Jacqueline O’Neill answered, “Have I learned the Truth about Love and then used that knowledge to love everyone around me?”

Sowmya Govindarajan wrote, “What do you want out of this life? What is the purpose of your life? Where are you and where to do want to go?”

Using I instead of you

Someone said, “The devil invented questions.”

After her husband backed the car hit the garbage containers, she shouted, “Didn’t you see the blue containers?” Hearing it, her husband felt that immediate and obvious blame was being assigned to him. He wasn’t alert, he forgot an important task, and he was like an inept employee who had to be told everything. He probably responded defensively, with immediate frustration and irritation.

Communication with “I” statements takes more time than asking questions. The advantage is that it does not place the person being questioned in a defensive mode nor does it assign blame. We have been educated in an educational system that focuses on questions. We have been taught to live life asking questions. Questions within an academic world may be constructive; but, questions within a relationship tend to be more destructive than constructive.

Questions tend to work best within a hierarchical system, because it is “teacher to student,” “employer to employee,” or, “bishop to clergyperson”. Though questions seem to work in a hierarchical system, they also tend to be irritants and cause trouble, like sand in a gearbox, when the emphasis should be on teamwork. Questions seem to shape authority ...the person who asks seems to be in control or is in the process of taking control.

According to the writer of Genesis (3:1b), it was the devil (snake) who asked the first question: “Did God really tell you not to eat fruit from any tree in the garden?” Up to that point in scripture, God had never asked a question and the question mark had not existed.

You and blame

Beyond the matter of control, the assigning of blame is a basic problem with most questions. Blame is assigned whenever a question with a “you” appears. In the Genesis account of creation, God asked: “Who told you that you were naked? Did you eat the fruit that I told you not to eat?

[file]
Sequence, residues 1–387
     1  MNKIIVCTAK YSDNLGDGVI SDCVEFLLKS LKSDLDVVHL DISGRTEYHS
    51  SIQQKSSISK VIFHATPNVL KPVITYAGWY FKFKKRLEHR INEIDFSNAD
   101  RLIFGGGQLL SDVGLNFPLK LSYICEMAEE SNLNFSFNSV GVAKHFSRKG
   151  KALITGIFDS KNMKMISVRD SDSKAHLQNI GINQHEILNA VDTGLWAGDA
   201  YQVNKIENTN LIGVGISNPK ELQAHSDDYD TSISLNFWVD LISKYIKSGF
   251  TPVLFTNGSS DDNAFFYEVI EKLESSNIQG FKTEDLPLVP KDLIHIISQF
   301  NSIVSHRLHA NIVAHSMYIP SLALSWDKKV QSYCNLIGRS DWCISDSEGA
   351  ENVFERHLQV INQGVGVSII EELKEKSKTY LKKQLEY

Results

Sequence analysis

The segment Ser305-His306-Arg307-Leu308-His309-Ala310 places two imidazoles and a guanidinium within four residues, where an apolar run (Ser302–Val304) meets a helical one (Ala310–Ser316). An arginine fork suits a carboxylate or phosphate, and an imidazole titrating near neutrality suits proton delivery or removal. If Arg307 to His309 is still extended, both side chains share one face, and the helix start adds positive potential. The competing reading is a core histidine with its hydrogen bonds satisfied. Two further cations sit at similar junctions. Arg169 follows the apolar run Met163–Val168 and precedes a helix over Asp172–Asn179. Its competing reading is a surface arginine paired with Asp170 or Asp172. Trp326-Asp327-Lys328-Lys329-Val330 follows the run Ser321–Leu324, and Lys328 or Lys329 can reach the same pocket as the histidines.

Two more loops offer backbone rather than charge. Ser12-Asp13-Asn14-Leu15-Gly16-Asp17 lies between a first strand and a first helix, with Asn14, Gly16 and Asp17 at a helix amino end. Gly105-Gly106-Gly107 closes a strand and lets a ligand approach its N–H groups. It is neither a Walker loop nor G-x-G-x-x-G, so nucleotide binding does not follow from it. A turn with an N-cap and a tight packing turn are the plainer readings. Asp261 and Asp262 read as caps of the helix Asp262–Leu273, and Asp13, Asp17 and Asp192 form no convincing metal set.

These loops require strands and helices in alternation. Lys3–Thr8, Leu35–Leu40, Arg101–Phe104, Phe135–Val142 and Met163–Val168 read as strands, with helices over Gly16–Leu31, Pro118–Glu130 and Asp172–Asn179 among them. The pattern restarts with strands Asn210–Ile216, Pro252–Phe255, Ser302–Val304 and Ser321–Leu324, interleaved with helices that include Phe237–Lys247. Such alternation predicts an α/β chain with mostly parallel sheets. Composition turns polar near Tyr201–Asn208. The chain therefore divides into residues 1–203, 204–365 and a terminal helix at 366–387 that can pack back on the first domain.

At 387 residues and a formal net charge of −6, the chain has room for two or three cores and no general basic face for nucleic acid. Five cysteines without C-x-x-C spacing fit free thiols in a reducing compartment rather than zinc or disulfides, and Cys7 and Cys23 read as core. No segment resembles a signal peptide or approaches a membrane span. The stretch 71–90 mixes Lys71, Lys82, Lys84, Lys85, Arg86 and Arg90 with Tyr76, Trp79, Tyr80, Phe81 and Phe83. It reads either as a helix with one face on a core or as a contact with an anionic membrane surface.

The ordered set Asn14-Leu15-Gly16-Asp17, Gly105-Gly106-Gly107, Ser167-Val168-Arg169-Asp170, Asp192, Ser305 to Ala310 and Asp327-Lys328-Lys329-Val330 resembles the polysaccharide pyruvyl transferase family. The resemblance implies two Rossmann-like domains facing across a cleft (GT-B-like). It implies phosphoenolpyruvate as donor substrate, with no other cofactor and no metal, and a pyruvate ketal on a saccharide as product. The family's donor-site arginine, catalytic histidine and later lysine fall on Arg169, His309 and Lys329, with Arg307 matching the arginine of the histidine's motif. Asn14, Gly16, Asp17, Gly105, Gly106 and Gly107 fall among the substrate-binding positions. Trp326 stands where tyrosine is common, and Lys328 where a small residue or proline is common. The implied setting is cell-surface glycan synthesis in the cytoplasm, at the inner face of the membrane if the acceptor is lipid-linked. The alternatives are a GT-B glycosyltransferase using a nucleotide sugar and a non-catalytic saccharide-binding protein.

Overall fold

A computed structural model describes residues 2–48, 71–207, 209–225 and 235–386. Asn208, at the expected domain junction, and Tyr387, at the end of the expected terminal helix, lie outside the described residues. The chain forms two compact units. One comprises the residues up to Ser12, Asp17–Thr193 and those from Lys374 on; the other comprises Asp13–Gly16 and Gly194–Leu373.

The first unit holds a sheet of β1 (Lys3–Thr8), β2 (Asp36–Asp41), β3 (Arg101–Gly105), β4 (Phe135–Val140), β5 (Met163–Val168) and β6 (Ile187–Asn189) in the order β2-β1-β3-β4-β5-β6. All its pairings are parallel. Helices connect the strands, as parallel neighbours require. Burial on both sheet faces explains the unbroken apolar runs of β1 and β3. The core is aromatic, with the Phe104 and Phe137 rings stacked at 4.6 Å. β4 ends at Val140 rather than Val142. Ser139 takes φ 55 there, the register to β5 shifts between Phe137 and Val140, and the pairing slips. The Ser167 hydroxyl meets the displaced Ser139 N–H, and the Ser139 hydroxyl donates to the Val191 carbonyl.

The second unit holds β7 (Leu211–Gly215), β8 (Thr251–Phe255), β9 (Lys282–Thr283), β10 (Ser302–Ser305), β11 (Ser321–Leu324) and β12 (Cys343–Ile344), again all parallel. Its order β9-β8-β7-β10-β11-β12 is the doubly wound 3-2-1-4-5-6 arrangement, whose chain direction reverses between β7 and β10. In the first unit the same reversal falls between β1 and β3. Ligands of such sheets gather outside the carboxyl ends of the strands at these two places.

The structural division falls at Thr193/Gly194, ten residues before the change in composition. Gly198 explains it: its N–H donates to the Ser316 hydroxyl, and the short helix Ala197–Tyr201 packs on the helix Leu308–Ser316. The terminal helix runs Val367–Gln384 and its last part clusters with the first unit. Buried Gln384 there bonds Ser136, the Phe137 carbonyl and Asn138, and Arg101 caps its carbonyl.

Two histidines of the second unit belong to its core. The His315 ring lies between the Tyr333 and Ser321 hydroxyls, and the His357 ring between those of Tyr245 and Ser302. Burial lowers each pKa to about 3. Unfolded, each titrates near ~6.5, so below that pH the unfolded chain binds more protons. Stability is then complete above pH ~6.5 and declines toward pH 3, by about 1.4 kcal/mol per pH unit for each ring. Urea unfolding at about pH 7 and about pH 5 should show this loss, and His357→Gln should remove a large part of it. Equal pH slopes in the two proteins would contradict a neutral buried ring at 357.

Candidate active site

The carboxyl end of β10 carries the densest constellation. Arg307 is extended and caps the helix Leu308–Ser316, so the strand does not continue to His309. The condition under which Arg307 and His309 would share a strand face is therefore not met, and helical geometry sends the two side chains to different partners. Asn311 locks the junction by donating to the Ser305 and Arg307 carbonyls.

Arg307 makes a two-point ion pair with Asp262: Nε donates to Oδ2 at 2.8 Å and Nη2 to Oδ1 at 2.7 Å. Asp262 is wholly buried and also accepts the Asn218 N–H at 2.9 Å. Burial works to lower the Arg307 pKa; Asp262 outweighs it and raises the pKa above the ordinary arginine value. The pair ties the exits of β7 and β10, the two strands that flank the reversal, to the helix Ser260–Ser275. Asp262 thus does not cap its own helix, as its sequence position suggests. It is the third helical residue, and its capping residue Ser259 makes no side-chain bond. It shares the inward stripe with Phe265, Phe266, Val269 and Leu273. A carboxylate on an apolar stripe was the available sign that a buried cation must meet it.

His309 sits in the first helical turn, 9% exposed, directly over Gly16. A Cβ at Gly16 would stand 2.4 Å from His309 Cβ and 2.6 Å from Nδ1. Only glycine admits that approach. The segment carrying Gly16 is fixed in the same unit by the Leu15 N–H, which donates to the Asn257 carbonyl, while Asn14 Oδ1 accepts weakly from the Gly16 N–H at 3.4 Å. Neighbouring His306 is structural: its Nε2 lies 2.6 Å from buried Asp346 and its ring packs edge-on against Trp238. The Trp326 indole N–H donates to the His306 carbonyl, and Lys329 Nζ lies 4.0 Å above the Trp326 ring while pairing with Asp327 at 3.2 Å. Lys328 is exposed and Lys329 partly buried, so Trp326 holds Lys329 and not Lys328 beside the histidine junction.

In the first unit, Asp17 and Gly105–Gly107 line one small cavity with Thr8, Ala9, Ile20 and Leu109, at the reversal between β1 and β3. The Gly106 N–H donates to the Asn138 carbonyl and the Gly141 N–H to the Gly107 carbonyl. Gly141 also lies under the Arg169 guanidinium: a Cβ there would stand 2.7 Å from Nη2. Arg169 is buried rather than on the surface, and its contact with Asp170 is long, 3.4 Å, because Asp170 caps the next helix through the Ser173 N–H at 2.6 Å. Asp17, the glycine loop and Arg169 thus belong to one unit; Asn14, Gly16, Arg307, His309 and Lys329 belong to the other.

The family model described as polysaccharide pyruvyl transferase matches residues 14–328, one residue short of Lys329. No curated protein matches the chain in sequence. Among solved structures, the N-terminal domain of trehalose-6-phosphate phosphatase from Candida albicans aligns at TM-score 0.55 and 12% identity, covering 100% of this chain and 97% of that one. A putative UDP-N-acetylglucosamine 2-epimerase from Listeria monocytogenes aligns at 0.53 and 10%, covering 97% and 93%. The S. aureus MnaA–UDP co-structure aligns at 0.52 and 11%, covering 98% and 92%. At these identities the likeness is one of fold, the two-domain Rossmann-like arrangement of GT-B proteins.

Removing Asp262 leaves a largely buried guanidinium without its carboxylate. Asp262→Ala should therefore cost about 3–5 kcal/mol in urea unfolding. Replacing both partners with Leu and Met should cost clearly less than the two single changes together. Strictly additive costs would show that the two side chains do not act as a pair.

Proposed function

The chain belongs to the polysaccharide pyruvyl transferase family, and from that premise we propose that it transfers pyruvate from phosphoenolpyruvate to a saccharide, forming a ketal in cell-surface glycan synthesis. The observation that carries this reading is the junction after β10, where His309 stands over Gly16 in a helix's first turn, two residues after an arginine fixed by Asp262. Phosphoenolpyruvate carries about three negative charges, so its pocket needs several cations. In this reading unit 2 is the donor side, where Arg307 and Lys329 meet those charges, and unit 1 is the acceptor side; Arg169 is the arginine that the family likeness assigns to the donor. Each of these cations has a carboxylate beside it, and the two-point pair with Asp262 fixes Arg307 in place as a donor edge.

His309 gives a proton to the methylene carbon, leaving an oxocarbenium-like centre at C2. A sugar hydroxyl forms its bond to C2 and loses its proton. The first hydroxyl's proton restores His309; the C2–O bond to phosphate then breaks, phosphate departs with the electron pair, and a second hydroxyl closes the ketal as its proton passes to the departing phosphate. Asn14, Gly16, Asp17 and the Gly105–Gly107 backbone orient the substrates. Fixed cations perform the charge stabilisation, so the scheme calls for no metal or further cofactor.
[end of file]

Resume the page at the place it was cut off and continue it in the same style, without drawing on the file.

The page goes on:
The man’s (Adam) response to God’s questions assigns blatant blame. The man (Adam) answered, “The woman you put here with me gave me the fruit, and I ate it.”

A young husband, at 5:30, opening the front door shouts, “Honey, where would you like to go for dinner this evening?” His intention may be all well and good; however, his words create immediate tensions: 1) he has already decided that they should go out, she had no voice in the decision, 2) he has assigned responsibility by using the word “you”, and, 3) since he has not noticed that the dining table is set with linen, the china, and candles... leaving his wife with the feeling that he doesn’t appreciate her evening preparations.

In other words, his question, “Where would you like to go for dinner this evening?” may indicate that he doesn’t value teamwork, that he lacks regard for her position, and that he is a bit short in the matter of consideration.

Faced by his question, she has several options. Option one could be the response, “I’d like to go to the Olive Garden?” Option two is to say defensively, “I hurried home to prepare dinner and I had hoped we would have a romantic dinner here at home.” It’s not an obvious “no”, but it is as close as one can get. Option three “I don’t know, where would you like to go?”

Keep in mind that he asked, “Where would you like to go...?” Her response of going to the Olive Garden, might be delightfully acceptable to him; but, it won’t be if he was thinking about going to the local bar for a beer, fries, and a hamburger. Her response, of a romantic dinner at home might delight him or disappoint him...it all depends upon what his interpretation is of a romantic dinner. Her third option, “I don’t know...” leaves the door open for him to make the decision; either she has to live with it, or negotiate for another location.

Hopefully, the conversation won’t end with, “You don’t ever want to do what I want or go where I want to go.”

Planning — Anticipation

This process can be simplified. It calls for consideration. It calls for planning. Having this discussion, the night before would have helped both plan their day for an evening of joy. It would have been simplified, if one of the partners said, “I’d enjoy taking you out to dinner tomorrow evening. I thinking of going to either Tom’s Bar or Grill or to The Olive Garden.” There is an invitation, there is an opportunity to do something special, there is time to dress properly, and there is time to secure babysitters, if necessary.

Planning promotes anticipation. Anticipation in a marriage is more important than the element of surprise. This is not to say that all surprises are bad. A gift that comes as a surprise can be beautiful, lovely, and meaningful...providing it can be afforded, providing it is not a bribe, and providing it does not come in the form of a guilt offering. One needs to be mindful that surprises, all too often, tend to indicate that someone has taken control of a specific event and of a specific span of time.

Signing off…

Doug Britton in his book Who Do You Think You Are wrote: 1. God created you. You are not an accident... and, 2. God has a plan for you. You have a purpose in life (see Ephesians 2:10).”

The Rev. Russell Rudolf is a retired Lutheran clergyperson. You may contact him at R3Rudolf@yahoo.com.

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